‘‘He slowly raised his pistol. Then I saw him blink and step back. At first I thought I had talked him to a standstill, had bullied him out of heart, stomach, and countenance, but it was not so. I hadn’t seen him, but at my side sat the Boston assassin, with his revolver over his left fore arm, the muzzle of it tilted upward so that when the bullet left the barrel it would hit the stage driver under the chin and blow the top of his head off. That night the stage driver, under court orders from several persons as certain and speedy as himself, moved out of town on a run

and never came back to that district.”

“Why didn’t you remain in Kansas ?”

“I wanted to see my college sweetheart, the young woman whom I afterward married, and to read law at Indianapolis. I went to Gen. Benjamin Harrison for a place in his office and happily v/as turned away. Joseph ' E. McDonald took me in. For six months I literally lived on one meal a day. My pay was $20 a month, but I had to send some money home. By and by Senator McDonald made me his managing clerk at $1,800 a year. I began to try lawsuits right after I was admitted to the bar, even going into the United States court, where I was counsel in an important case against Gen. Harrison.

“Then I got married. The next day I was back to my work. With $75 in hand, I ■ opened a law' office of my own. The first year I made $2,500 ; the second, $3,500 ; the third, $4,500, and thereafter much more. When elected to the Senate I had a large and profitable practice for a young lawyer. It was not my intention to take public office. My purpose was to stick to my profession and make some money. I thought territorial expansion would come some day, and that I should then, perhaps, enter public life. It beat my guess by fifteen years. Accordingly, I pitched in and ran for the Senate.”

“What preparation should a youngman have who takes up politics for a career ?”

“Knowledge of his country’s history and a liking for public matters.”

“And a college education ?”

“Well, there are two sides to that question. The young fellow without G

a college education is not a hopeless case by any means. I don’t know what it is, but there is something in a college course which takes from the student a part of his native strength and originality.’ You see, the clothes are all alike. Some of the coats fit, some drag on the ground, and others are ridiculously short in the back.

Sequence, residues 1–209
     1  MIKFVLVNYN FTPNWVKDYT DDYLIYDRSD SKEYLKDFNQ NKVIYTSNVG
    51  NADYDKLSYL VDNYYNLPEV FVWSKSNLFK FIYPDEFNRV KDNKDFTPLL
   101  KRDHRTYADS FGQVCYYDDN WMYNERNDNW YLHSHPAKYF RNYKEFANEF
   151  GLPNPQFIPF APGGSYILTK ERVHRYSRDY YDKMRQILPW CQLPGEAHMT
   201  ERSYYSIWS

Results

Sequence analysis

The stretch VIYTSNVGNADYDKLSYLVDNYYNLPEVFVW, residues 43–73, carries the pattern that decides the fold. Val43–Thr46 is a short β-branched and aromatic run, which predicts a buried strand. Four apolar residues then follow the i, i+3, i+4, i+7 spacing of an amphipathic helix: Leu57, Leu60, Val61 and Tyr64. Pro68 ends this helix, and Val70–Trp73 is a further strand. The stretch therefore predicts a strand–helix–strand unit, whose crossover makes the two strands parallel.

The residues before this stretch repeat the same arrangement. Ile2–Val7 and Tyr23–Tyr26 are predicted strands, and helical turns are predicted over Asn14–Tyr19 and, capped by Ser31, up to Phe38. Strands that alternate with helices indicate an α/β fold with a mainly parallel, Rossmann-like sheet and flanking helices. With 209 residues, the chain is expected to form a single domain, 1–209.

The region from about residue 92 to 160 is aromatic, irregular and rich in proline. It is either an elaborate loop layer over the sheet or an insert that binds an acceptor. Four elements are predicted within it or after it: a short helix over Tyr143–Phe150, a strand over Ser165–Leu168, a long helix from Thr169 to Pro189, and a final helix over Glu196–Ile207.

“But if you could go back you would travel the old road, just the same ?”

“Sometimes I think I had to work too hard,” Senator Beveridge replied. Then he turned the corner and took up another topic.

“When did you make your first political speech ?”

“In a field, following a plow. I spoke for Garfield when I was 19 years old. When Blaine ran in 1884 I was sent to blacksmith shops and country schoolhouses, but I soon got into the cities. I was acquainted with a man on the committee, you know.”

“In January, 1900, you delivered a speech in the Senate which filled twelve newspaper columns. You spoke it almost word for word as written, not depending on notes. Is it your practice to memorize your speeches?”

“Yes, set speeches. After my election to the Senate in January, 1899, I decided to go to the Philippines and get information at first hand. I went on the firing line, saw everybody, wrote out interviews by the ream, and coming back prepared the speech you mention and committed it to memory. In 1900 I replied to Bryan at the opening of the Republican campaign in Chicago. Two nights after I made a general political speech in Minneapolis. Next day I spoke on trusts at Columbus, Neb.

“Forty-eight hours later I opened the campaign in Kansas City, taking the markets of the world for a subject. Then I addressed the young men of Indianapolis. Going to Louisville I spoke to the people of the south. Ten days before the first

speech was delivered all of them had been given to the Associated Press. I carried the six in my head for somq time, but I wouldn’t do it again, even if I could be President of the United States at the conclusion of the performance.”